"What happened to the American Dream — the one we've heard about since kindergarten, the one we've read about and were indoctrinated to believe in — the ever-so-plausible happy ending that could be secured with nothing more than a little sweat and dogged determination?
"We could, as did comedian George Carlin, cynically dismiss the dream as a myth created by the high-faluting founders of this country. But that would be facile and untrue. Our belief is in the validity of Martin Luther King's dream, which is a dialectical critique of the American Dream. King's dream affirmed the humanity of those overlooked and left out by those in power. So, his dream was deeply rooted in the American Dream but placed a premium on poor people. That said, the American Dream is our nation's brand. It is the strategic marketing plan that has lured millions of immigrants to these shores with hopes of accomplishing wonders unimaginable in their native lands. It is the symbol of our historic rise to a world power in less than 200 years. Yet, the 'dream' is not the real problem. America's denial is. Just as we still adhere to an outdated conception of poverty, we have brought ourselves and our society to the brink by our refusal to draft a new dream for our times. If we don our historical lens, we'll see a once-democratic vision now compromised and corrupted by materialism and greed that has morphed into an insatiable, capitalist monster that threatens our very existence.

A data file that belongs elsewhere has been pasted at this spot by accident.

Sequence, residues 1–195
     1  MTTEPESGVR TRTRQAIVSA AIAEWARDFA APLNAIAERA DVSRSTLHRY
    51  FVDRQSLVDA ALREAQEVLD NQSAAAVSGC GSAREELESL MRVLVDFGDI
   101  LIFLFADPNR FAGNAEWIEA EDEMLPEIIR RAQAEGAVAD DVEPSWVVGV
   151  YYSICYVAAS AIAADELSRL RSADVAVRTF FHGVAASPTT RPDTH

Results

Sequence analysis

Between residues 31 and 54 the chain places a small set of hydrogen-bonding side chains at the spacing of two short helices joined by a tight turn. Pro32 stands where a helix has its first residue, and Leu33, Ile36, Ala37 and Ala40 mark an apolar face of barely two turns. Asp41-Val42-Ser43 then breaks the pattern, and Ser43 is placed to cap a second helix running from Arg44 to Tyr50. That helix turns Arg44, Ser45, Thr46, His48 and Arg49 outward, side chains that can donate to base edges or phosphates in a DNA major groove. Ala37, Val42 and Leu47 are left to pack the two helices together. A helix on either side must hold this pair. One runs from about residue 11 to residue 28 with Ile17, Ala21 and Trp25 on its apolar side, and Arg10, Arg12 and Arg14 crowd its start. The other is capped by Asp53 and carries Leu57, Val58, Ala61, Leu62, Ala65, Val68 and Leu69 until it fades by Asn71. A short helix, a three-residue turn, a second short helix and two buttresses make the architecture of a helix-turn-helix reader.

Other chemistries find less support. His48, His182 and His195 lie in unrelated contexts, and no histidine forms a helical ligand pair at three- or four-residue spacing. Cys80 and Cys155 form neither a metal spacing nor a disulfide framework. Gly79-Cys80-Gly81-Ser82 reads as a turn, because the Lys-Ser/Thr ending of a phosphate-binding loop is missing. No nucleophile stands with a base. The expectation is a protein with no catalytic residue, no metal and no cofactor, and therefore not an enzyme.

"This was the dream of 17th-century Puritans who fled religious persecution in England seeking freedom and opportunities in the 'New World.' Yet 'life, liberty, and the pursuit of happiness' as 'unalienable rights' bestowed by God in the Declaration of Independence seems at odds with America's original sins — genocide against Amerindians and enslavement of Africans.
"The dream of equality, hope, and liberty was woven deeply into the fabric of America. The Statue of Liberty gifted to the United States and erected in 1886 personified the country's ideal values — despite the legal exclusion of Chinese that same year. Millions of New York-bound immigrants were welcomed with these generous words inscribed at Lady Liberty's feet: 'Give me your tired, your poor/Your huddled masses yearning to breathe free.'
"Ironically, it wasn't until 1931, when historian James Truslow Adams penned the 'American Dream' in The Epic of America that the phrase became popular enough to become the nation's mantra."